private/public government of communities

Monday, 14 August, 2017 - 15:00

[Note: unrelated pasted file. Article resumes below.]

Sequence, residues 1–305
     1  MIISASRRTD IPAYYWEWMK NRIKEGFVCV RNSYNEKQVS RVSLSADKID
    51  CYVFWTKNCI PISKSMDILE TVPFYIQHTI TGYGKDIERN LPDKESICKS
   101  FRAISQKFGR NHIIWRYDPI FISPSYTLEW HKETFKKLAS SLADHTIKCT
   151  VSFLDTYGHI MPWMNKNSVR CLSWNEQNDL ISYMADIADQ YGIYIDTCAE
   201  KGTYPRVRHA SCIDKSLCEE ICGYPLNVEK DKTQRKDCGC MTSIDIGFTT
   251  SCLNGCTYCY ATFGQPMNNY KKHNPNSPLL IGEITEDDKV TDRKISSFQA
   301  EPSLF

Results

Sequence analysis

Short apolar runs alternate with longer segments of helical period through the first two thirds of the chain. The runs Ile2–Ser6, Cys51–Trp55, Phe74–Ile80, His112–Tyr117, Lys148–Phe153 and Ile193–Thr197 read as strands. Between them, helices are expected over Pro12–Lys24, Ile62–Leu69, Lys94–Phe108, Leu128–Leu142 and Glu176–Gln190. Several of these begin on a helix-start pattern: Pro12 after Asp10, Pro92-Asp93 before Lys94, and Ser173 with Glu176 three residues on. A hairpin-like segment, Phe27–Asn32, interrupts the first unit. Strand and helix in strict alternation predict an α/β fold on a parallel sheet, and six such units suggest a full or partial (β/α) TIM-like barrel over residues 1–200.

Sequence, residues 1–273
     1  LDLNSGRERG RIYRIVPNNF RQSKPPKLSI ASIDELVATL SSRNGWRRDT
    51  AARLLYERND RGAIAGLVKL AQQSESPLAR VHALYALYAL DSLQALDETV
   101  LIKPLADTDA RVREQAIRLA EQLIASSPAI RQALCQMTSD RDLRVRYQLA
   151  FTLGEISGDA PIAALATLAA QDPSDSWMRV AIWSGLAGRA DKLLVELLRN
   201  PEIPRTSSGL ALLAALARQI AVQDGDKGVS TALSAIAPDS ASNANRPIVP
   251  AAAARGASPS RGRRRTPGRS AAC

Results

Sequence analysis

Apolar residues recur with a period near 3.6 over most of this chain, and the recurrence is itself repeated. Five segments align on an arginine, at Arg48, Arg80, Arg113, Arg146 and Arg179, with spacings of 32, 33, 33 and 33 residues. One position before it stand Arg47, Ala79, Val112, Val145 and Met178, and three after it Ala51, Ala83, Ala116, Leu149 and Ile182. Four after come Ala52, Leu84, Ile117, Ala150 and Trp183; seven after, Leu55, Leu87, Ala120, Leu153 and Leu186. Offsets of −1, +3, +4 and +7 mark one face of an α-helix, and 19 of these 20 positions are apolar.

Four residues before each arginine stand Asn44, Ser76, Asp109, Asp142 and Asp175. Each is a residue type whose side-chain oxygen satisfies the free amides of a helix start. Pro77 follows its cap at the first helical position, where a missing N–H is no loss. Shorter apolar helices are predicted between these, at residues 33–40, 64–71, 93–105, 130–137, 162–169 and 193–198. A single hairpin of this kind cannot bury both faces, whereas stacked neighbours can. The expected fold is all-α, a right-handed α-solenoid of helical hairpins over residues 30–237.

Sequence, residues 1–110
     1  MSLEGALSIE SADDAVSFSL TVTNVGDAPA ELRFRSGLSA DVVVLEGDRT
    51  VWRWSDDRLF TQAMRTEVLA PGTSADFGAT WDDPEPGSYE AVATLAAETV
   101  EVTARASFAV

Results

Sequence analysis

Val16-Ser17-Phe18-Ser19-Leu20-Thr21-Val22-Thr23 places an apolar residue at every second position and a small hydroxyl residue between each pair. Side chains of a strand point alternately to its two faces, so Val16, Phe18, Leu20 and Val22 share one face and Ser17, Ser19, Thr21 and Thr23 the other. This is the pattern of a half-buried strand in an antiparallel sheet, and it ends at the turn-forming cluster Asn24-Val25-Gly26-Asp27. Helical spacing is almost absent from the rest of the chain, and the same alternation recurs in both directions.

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Maputo, mid-2000s. The feeling of the end of an era permeates the city and its public spaces, especially in the messages of the main media outlets—a couple of television channels and news shows, a few newspapers and leaflets distributed by fax—whose claims and predictions are echoed in myriad conversations amongst elites and others in the know. The last few years have brought a series of politico-economic transformations to the nation-state. Ten years following the end of the civil war the country continues on a path of national reconciliation, healing of social and communal wounds, economic and political liberalization, and the rebuilding of ruined infrastructure. While national elites still keep their grip on the direction and outcome of these processes, more than 60 percent of the national budget derives from various forms of foreign aid and international loans. Donors and financial institutions oversee the continuity of the peace process, the juridical reform of the state, and the reconstitution of the economy. In this context of reform of the party-state system and the deregulation of markets and political associations, “civil society” is a central concept or slogan that is constantly reiterated in the public sphere.

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